Sexual abuse is painful enough, but what many people don’t realize is that the pain doesn’t stop there. Abuse ruins your focus, communication and ability to love others. It steals precious moments, kills your self-esteem and ruins your confidence. This affects your self-care, which impacts your physical health; these are just a few signs. We will mention many more throughout this article.
To make it simple, failing to handle your emotions and avoiding dealing with your trauma will cost you time, energy, and ultimately your life. Those who don’t seek help will eventually sabotage their life and others around them.
What Happens When We Avoid Healing?
The first step to healing sexual abuse is choosing yourself. It's necessary to make yourself a priority instead of numbing your pain through addiction, whether that’s alcohol, drugs, emotional eating, impulsive buying, sex addiction or being a workaholic.
The fact is, you're leaning on destructive habits to cope with your pain when you should be investing in yourself. You are going to invest in something to deal with your trauma, even if you are not aware.
In many cases, you have been cycling the same negative behaviors for decades. You tell yourself “That’s just who I am," when in reality, you started these behaviors to numb yourself or cope with your trauma, pushing back feelings of shame and guilt…
Let's take a moment to step back and see what it’s costing you to stay in this cycle. I’m going to challenge you to be honest with yourself; is it affecting those around you, people you love?
In my years of practice, I've seen the effects of sexual abuse and how it changes your perception of the world. You may meet the minimum social standards to continue functioning, like a job, marriage and a family, but you struggle internally, feeling lost and disconnected from yourself and others. Some survivors haven’t disclosed their past pain to their spouses due to shame and guilt. After countless years together, they still struggle with deep emotional issues like isolation, cheating, sabotage… the list goes on.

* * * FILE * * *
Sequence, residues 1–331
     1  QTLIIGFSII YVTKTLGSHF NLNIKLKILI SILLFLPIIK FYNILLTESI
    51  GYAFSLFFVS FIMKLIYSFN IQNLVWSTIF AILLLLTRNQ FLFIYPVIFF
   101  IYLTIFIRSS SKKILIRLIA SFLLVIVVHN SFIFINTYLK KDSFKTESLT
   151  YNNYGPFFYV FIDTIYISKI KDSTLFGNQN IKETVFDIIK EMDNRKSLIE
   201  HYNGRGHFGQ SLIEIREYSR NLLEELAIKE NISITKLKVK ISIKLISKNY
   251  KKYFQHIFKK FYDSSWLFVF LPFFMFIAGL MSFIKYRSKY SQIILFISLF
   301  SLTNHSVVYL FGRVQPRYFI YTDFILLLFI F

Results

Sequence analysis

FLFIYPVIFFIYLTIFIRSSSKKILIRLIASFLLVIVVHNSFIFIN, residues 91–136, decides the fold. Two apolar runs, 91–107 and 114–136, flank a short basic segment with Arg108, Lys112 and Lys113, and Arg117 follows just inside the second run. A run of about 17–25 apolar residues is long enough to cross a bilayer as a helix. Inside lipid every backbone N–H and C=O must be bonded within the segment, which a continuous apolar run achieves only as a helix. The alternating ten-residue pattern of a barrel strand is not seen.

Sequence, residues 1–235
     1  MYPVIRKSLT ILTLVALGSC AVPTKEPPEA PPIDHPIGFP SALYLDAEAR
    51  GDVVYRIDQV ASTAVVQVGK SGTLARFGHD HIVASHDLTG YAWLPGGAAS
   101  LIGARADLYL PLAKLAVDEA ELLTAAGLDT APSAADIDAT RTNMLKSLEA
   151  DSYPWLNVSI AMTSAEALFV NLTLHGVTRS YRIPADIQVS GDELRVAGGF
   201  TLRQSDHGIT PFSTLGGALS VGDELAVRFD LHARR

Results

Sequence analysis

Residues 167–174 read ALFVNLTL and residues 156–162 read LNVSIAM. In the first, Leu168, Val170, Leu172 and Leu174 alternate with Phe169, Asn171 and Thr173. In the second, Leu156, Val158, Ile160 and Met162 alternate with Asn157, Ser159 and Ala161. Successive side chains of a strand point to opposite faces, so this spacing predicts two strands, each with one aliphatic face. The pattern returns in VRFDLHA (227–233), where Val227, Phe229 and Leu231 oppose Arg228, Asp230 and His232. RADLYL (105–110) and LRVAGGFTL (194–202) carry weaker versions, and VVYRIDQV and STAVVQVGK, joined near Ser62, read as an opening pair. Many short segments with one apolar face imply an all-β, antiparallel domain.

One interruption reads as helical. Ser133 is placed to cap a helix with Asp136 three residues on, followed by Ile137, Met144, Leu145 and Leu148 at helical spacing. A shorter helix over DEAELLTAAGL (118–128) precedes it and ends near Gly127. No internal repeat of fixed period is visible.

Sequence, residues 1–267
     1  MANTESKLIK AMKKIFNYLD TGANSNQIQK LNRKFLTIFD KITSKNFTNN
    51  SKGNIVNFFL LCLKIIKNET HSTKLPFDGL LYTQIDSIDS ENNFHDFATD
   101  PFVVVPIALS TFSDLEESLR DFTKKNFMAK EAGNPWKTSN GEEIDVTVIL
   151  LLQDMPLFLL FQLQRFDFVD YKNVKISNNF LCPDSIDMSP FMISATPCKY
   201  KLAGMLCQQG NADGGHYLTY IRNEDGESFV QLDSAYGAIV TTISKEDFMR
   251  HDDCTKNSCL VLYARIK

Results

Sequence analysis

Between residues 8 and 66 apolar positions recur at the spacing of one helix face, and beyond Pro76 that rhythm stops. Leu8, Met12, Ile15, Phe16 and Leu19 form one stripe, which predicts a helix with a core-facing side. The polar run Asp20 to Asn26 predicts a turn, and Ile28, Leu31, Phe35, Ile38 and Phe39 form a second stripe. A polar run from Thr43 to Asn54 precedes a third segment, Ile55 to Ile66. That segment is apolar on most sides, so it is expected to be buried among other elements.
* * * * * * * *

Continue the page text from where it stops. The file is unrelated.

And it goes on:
These are obvious signs that you have lost or are losing control of your life. Think about what you are losing control of… What is at risk?
We tend to be more logical in business and our daily lives, but when it comes down to facing emotional decisions, some find themselves lost, hurt and confused. It's no way to live and others around you are aware that you are struggling.
They may not be aware of your trauma, but they are aware of you missing events, having problems connecting, loving yourself and enjoying life.
Do you really think those who love you haven’t noticed your struggles? I can assure you they do and they would want you to receive help. Loved ones can be a huge support system during your healing.
The true danger in sexual abuse is how it disrupts your entire life.
I want those suffering to be fully aware… When you hit rock bottom, you will truly feel the pain and loss. I know you think it hurts now, but it will be nothing compared to watching your life dissolve. I’ve seen it first hand and it's tragic; I’ve also seen what prioritizing healing and self-care can do. It's night and day.
Signs & Symptoms of Unresolved Trauma
It's important to dive deeper into symptoms of trauma such as negative behaviors and painful emotions, while understanding how these impact your life choices and what will happen if you don't change. As I go through these points, I want you to identify which ones you are struggling with.